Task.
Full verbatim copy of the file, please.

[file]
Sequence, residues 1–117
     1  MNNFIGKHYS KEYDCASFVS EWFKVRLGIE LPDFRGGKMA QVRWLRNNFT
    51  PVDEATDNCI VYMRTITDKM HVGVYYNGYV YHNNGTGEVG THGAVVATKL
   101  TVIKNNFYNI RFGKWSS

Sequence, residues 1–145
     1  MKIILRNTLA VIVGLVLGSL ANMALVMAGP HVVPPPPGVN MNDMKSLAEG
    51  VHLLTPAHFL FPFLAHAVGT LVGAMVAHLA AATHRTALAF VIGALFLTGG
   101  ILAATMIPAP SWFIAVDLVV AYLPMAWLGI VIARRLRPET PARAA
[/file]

Sequence, residues 1–117
     1  MNNFIGKHYS KEYDCASFVS EWFKVRLGIE LPDFRGGKMA QVRWLRNNFT
    51  PVDEATDNCI VYMRTITDKM HVGVYYNGYV YHNNGTGEVG THGAVVATKL
   101  TVIKNNFYNI RFGKWSS

Sequence, residues 1–145
     1  MKIILRNTLA VIVGLVLGSL ANMALVMAGP HVVPPPPGVN MNDMKSLAEG
    51  VHLLTPAHFL FPFLAHAVGT LVGAMVAHLA AATHRTALAF VIGALFLTGG
   101  ILAATMIPAP SWFIAVDLVV AYLPMAWLGI VIARRLRPET PARAA